Nope, in the future broadcast TV stands alone making money from more than one revenue source while newspapers disappear. Along with all those 900 reporters who used to work for a once a day newspaper.

  9. You want to pick and choose the expenses that the past has inflicted upon both media. You seem to sidestep the multi-million dollar anchors, the wasteful vans and crews, the paucity of coverage in every city compared to newspapers. In San Diego, (where I worked with KGTV), the Union-Times, the local paper, put 75 reporters on the street every day. No local station can afford to do that because of the way they ‘architect’ their video working.

    Both will have to undergo massive and traumatic changes. Who is willing to bite the bullet hardest?

    I can only say that based on my own experience, newspapers and magazines run to embrace this thing with open arms while at every TV station its meant dragging the staff kicking and screaming and objecting all the way.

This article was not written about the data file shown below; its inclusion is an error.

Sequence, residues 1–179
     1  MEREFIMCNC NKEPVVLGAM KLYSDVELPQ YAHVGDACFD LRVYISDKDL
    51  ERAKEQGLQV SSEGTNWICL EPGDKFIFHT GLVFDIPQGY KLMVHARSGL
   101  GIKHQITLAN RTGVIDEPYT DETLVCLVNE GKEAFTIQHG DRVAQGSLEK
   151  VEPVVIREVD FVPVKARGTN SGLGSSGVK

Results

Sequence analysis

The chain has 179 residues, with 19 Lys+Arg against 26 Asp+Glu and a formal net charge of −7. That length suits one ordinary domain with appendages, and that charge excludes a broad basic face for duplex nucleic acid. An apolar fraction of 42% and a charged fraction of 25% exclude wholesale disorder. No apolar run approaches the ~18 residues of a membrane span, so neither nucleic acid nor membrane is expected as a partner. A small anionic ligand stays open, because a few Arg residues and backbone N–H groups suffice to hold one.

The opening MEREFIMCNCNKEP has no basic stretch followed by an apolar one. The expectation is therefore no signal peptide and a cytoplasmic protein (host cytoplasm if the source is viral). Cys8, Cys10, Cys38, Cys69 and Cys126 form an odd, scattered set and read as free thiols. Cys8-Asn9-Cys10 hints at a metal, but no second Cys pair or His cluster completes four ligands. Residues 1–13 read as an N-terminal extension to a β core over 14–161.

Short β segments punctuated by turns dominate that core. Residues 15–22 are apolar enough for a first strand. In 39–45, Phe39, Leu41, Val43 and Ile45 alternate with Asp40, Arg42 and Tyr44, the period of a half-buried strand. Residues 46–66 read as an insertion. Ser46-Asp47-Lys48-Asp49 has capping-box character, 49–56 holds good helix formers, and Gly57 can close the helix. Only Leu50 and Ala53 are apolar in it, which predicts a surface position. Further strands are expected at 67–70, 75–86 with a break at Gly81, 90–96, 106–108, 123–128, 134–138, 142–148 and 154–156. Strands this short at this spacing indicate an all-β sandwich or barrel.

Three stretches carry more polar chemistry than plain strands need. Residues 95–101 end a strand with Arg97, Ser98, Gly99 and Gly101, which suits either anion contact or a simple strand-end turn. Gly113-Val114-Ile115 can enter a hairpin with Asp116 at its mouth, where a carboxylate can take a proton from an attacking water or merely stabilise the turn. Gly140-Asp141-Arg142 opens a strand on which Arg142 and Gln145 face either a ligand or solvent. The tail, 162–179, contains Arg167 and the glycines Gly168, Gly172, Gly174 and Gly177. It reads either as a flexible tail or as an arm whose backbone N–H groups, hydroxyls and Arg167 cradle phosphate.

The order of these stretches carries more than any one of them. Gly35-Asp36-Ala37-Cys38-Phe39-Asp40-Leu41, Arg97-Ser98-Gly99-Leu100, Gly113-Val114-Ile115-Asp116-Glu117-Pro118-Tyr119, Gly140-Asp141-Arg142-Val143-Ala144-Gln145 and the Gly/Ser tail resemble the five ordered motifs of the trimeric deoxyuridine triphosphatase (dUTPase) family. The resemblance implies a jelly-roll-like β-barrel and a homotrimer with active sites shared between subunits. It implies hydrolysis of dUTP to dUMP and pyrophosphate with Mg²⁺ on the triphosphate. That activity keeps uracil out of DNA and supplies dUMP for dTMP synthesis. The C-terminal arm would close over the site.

10. TV anchors make big bucks. So do big name newspaper columnists.

    So do newspaper editors and all of their assistants/secretaries.

    Add them all up! TV still comes in way under in both number of employees, equipment costs and salary costs.

    Then you add in the future survivability potential. One having to lay off a major portion of it’s labor force and retool/mothball it’s equipment. Along with retooling ALL of it’s employees with new skills based on a much lesser economic model.

    Compared to broadcast television. With existing skills and and existing business model which repurposes it’s existing higher level content.

    Sorry, newspapers still lose.

    You have no experience working with newspapers. You have little or no experience working in a local television newsroom.

    Newspapers and magazines have no choice. And it’s an ugly one for them that leaves lots of unhappy people without jobs.

  11. I need to be clear and politely said.

    You have no experience working in newspapers producing content as they have for years. You’ve only worked with video and audio.